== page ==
UNC-73 is a Trio-like molecule with two DH-GEF domains, one of which, GEF1,is a Rac-GEF (Steven et al.,1998). unc-73 acts with the three Racs in CAN and D-class axon development (Lundquist et al.,2001), and here we find that unc-73 also affects PDE axon development. The incomplete loss-of-function mutants unc-73(rh40) andunc-73(e936) displayed PDE axon defects similar to racdouble mutants, including axon guidance defects, axon defasciculation and premature termination in the VNC, and ectopic axon formation(Table 1).unc-73(rh40) and unc-73(e936) PDE axon pathfinding defects and ectopic axon formation were enhanced significantly by ced-10,mig-2 and rac-2/3(RNAi)(Table 1), suggesting thatunc-73 and the three rac genes act together in PDE axon development. However, the fact that rac mutations enhanceunc-73(rh40), a mutation that specifically attenuates the GEF1 Rac-GEF activity of UNC-73, raises the possibility that the Racs might act in a pathway parallel to UNC-73. To determine if RAC-2 acts in the UNC-73 pathway, we tested the ability of constitutively-active rac-2(rac-2 harboring the G12V mutation; see below) to suppress PDE axon defects caused by unc-73(rh40). Indeed, transgenic expression of constitutively-active rac-2 in the PDE neuron partially suppressed the PDE ventral axon guidance defects caused by unc-73(rh40)(Table 1). Furthermore,unc-73(rh40) PDE axons often wandered laterally before reaching the VNC, and this wandering was also partially suppressed by activatedrac-2 (data not shown). These data suggest that rac-2 acts downstream of unc-73 in the same pathway. Similar suppression ofunc-73 defects in the D-class motor axons has been observed with constitutively active ced-10 and mig-2(Wu et al., 2002). These results combined with the biochemical data that UNC-73 acts as a GEF on CED-10 and MIG-2 (Wu et al., 2002)strongly suggest that ced-10, mig-2, rac-2/3 and unc-73 act in the same pathway in axon pathfinding. As described by Lundquist et al.(Lundquist et al., 2001),enhancement of unc-73(rh40) axon pathfinding defects by racmutation could be due to Rac regulation by other molecules in addition to UNC-73 or Rac regulation by a domain of UNC-73 apart from the GEF1 Rac-GEF domain.
Although these data indicate that rac-2 acts in theunc-73 pathway, they do not exclude the possibility that UNC-73 has additional, Rac-independent roles in PDE axon development.unc-73(e936) is predicted to affect multiple UNC-73 activities,including that of GEF2 Rho-GEF (Steven et al., 1998). Disruption of a rac-independent activity of UNC-73 by unc-73(e936) might contribute to rac enhancement of unc-73(e936).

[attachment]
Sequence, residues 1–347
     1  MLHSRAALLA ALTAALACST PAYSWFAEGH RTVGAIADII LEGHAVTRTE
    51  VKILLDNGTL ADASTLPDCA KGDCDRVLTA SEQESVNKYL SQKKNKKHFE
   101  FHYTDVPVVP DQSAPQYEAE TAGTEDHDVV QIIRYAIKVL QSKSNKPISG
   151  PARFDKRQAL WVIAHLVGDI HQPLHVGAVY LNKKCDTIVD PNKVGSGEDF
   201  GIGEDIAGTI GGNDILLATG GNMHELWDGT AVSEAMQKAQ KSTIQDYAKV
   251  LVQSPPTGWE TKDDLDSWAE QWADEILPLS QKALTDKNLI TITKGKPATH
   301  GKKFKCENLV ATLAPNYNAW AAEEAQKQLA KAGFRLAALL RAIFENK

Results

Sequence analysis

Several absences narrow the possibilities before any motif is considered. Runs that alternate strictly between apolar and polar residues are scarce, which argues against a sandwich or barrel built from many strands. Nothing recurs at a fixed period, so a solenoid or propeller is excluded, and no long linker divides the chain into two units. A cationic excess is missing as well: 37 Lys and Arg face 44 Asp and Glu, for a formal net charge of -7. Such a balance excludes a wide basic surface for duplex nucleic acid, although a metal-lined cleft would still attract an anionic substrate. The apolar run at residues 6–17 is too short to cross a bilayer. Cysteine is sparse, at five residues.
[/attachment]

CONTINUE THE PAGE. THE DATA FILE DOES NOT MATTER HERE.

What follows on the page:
Dendrite development was also perturbed by unc-73(rh40 ande936) and these defects were enhanced by ced-10 andmig-2 (data not shown).
UNC-115 acts with the Racs and UNC-73 in PDE and CAN axon pathfinding
unc-115 mutations cause defects in axon pathfinding andunc-115 encodes a putative actin-binding protein(Lundquist et al., 1998). Racs are thought to mediate cellular morphogenesis in part by regulating the structure and dynamics of the actin cytoskeleton(Hall, 1998). To determine ifunc-115 acts with rac genes in axon pathfinding, we analyzed the CAN and PDE axons of double loss-of-function mutants of unc-115with ced-10, mig-2 and rac-2/3(RNAi). Neitherunc-115(ky275), a putative unc-115 null allele, norunc-115(mn481), an incomplete loss-of-function allele, caused defects in CAN axon pathfinding (Table 2) [for a description of CAN axon pathfinding and defects see Lundquist et al. (Lundquist et al.,2001)]. However, unc-115 animals displayed weak PDE axon guidance defects: 12% of unc-115(ky275) PDE axons (n=174)and 6% of unc-115(mn481) PDE axons (n=189) wandered laterally (>45°C from straight ventrally) on their trajectory to the VNC. All unc-115 PDE axons eventually reached the VNC. Furthermore,unc-115 mutants alone displayed ectopic PDE axons (20% of PDEs inunc-115(ky275)) (Table 2). Thus, unc-115 mutations alone had weak effects on PDE axon development, most notably ectopic axon formation.
We found that unc-115 synergized with ced-10 andmig-2 but not rac-2/3 in CAN and PDE axon pathfinding.unc-115; ced-10 and unc-115 mig-2 double mutants were viable and fertile, but displayed synthetic defects, including a withered tail (Wit),similar to but weaker than rac double mutants and unc-73animals. The Wit phenotype is associated with perturbed CAN neuron development(Forrester et al., 1998) and indeed, ced-10; unc-115 and mig-2 unc-115 animals displayed failure of the posterior CAN axon to extend into the tail due to axon wandering or premature termination (Table 2). Furthermore, unc-115; ced-10 and unc-115 mig-2 animals displayed synthetic PDE defects, including ventral axon guidance errors (Table 2) and axon defasciculation in the VNC (data not shown). These data indicate thatunc-115 has overlapping function with ced-10 andmig-2 in CAN and PDE axon pathfinding.
By contrast, the CAN and PDE axons of unc-115; rac-2/3(RNAi)animals resembled those unc-115 alone(Table 2), suggesting thatunc-115 and rac-2/3 affect the same pathway in CAN and PDE axon pathfinding, possibly a pathway in parallel to mig-2 andced-10. However, we cannot rule out the possibility thatunc-115 also acts in the ced-10 pathway, becauseced-10(n1993) is not a null allele(Soto et al., 2002) (E. A. L.,unpublished results).